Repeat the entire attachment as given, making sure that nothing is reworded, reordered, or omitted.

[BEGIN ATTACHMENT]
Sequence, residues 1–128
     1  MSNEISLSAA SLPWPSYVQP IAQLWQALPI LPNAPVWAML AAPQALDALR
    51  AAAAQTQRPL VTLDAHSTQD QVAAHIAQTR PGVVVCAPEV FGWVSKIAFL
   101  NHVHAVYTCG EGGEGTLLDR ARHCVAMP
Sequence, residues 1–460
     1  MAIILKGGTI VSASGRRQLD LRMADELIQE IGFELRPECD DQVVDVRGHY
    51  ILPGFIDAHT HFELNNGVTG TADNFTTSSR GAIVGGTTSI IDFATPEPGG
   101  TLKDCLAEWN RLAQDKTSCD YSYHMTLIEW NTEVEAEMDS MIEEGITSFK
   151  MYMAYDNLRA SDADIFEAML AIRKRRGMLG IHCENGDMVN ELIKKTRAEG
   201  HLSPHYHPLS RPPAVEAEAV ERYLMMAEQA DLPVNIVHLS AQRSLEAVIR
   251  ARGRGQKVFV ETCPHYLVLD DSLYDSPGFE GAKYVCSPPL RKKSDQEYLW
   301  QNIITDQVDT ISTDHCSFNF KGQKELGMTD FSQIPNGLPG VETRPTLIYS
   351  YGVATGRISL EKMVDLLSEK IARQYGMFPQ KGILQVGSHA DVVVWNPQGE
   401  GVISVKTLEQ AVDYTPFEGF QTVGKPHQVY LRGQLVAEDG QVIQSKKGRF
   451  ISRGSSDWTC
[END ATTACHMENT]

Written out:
Sequence, residues 1–128
     1  MSNEISLSAA SLPWPSYVQP IAQLWQALPI LPNAPVWAML AAPQALDALR
    51  AAAAQTQRPL VTLDAHSTQD QVAAHIAQTR PGVVVCAPEV FGWVSKIAFL
   101  NHVHAVYTCG EGGEGTLLDR ARHCVAMP
Sequence, residues 1–460
     1  MAIILKGGTI VSASGRRQLD LRMADELIQE IGFELRPECD DQVVDVRGHY
    51  ILPGFIDAHT HFELNNGVTG TADNFTTSSR GAIVGGTTSI IDFATPEPGG
   101  TLKDCLAEWN RLAQDKTSCD YSYHMTLIEW NTEVEAEMDS MIEEGITSFK
   151  MYMAYDNLRA SDADIFEAML AIRKRRGMLG IHCENGDMVN ELIKKTRAEG
   201  HLSPHYHPLS RPPAVEAEAV ERYLMMAEQA DLPVNIVHLS AQRSLEAVIR
   251  ARGRGQKVFV ETCPHYLVLD DSLYDSPGFE GAKYVCSPPL RKKSDQEYLW
   301  QNIITDQVDT ISTDHCSFNF KGQKELGMTD FSQIPNGLPG VETRPTLIYS
   351  YGVATGRISL EKMVDLLSEK IARQYGMFPQ KGILQVGSHA DVVVWNPQGE
   401  GVISVKTLEQ AVDYTPFEGF QTVGKPHQVY LRGQLVAEDG QVIQSKKGRF
   451  ISRGSSDWTC